A task force charged with finding a better way for voters to judge Utah's judges concluded its efforts without coming to an agreement on a system to evaluate jurists.

After five months' worth of study and discussion, the Judicial Retention Election Task Force ended up divided on a grading system to evaluate judges, split along lawmakers and judges on the task force.

Utah Supreme Court Chief Justice Christine Durham, a member of the task force, spoke for Utah judges in saying there was nothing in the current evaluation system in need of fixing. Task force co-chairman, Sen. Chris Buttars, R-West Jordan, said he disagreed.

"I'm opposed to it because you have a very good judge who can fail and a poor judge who could pass," Buttars said.

All sides have agreed that evaluating a judge's performance is no easy task. Most evaluation systems used in all states, including Utah, are made up of very complex grading systems that usually stem from surveys of attorneys, jurors and court staff. Judges must pass with favorable marks on a certain percentage of survey questions. It's that percentage and how it's calculated that judges and lawmakers differ on.

Buttars proposed that Utah should shift its system to one used in Maricopa County, Ariz., which he said was better to weed out poor judges. Durham disagreed, saying the Arizona system adds another "layer" to the grading process that would further confuse voters.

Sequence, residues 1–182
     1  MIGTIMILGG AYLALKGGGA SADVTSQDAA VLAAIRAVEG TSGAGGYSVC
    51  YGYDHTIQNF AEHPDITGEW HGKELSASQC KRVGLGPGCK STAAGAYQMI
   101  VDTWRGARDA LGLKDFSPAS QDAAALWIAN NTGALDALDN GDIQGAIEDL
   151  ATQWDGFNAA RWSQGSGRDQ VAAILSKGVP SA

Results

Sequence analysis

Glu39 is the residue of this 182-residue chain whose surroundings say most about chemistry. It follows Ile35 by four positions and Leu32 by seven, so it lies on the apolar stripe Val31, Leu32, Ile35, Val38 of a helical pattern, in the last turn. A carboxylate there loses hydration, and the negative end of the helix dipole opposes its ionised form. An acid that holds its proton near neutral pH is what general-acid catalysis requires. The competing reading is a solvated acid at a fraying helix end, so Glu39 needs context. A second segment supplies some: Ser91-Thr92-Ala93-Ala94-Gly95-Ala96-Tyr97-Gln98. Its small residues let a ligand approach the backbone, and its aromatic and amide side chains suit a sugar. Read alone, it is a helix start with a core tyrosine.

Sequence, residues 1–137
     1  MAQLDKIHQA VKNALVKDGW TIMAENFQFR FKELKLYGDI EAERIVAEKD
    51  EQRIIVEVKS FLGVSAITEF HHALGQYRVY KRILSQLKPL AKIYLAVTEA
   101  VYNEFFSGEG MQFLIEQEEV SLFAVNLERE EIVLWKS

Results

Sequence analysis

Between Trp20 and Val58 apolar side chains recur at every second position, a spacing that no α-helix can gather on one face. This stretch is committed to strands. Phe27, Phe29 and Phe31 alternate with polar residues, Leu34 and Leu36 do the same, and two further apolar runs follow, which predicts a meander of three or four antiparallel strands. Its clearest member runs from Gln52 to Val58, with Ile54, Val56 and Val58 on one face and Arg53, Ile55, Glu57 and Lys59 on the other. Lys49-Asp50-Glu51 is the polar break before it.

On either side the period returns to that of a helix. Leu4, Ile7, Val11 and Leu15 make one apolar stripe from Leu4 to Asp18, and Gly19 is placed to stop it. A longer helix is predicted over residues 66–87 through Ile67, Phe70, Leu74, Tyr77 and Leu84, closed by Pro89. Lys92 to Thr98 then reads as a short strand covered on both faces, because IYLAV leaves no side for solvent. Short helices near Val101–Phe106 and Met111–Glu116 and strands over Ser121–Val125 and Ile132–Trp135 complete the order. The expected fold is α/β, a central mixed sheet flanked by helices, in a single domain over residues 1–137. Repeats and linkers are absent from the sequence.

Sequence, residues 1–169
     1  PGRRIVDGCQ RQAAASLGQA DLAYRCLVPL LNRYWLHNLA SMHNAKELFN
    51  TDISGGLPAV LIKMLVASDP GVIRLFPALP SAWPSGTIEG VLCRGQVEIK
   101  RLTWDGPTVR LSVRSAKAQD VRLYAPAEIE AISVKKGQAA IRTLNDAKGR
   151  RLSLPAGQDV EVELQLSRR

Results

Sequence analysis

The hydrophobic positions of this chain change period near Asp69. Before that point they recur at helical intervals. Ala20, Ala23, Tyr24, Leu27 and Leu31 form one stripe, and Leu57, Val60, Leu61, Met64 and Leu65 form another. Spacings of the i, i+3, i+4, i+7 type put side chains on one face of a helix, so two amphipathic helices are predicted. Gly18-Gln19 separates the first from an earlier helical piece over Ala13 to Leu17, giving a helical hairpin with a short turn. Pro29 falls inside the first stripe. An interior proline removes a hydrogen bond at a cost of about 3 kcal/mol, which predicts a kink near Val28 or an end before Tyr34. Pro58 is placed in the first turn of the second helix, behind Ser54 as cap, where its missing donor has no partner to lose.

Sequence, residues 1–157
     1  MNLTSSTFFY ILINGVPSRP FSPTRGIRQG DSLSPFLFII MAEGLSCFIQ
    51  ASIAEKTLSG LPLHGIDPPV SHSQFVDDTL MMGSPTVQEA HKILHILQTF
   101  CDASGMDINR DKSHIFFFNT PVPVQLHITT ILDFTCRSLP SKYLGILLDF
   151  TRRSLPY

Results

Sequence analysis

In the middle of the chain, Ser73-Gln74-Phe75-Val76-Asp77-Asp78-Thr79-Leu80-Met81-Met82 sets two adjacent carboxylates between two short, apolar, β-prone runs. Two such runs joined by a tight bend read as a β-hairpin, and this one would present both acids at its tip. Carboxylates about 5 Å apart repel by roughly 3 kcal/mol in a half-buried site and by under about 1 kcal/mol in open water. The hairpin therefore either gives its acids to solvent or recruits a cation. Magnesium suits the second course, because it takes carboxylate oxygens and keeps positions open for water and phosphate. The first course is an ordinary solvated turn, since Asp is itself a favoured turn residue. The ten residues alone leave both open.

The grading system was the single issue the task force could not agree upon, having drafted a bill that would significantly change how judges are evaluated.

What the task force did create was a special 13-member Judicial Performance Evaluation Commission, whose members cannot be sitting judges or members of the Legislature. In fact, the bill proposes that only half of commissioners can even be attorneys and that no more than half of those appointing the members, the Senate President, House Speaker, Governor and Chief Justice, can choose from the same political party.

The commission is in response to some lawmakers who say current judicial evaluations by the state's Judicial Council, made up of judges, was too cozy a set up.

But without consensus, Buttars said the bill was not yet ready for the legislative session. Buttars proposed that the task force co-chairmen, Buttars and Rep. Curt Oda, R-Clearfield, continue to meet with Durham and other judges informally to "beat out" a compromise and complete the bill.

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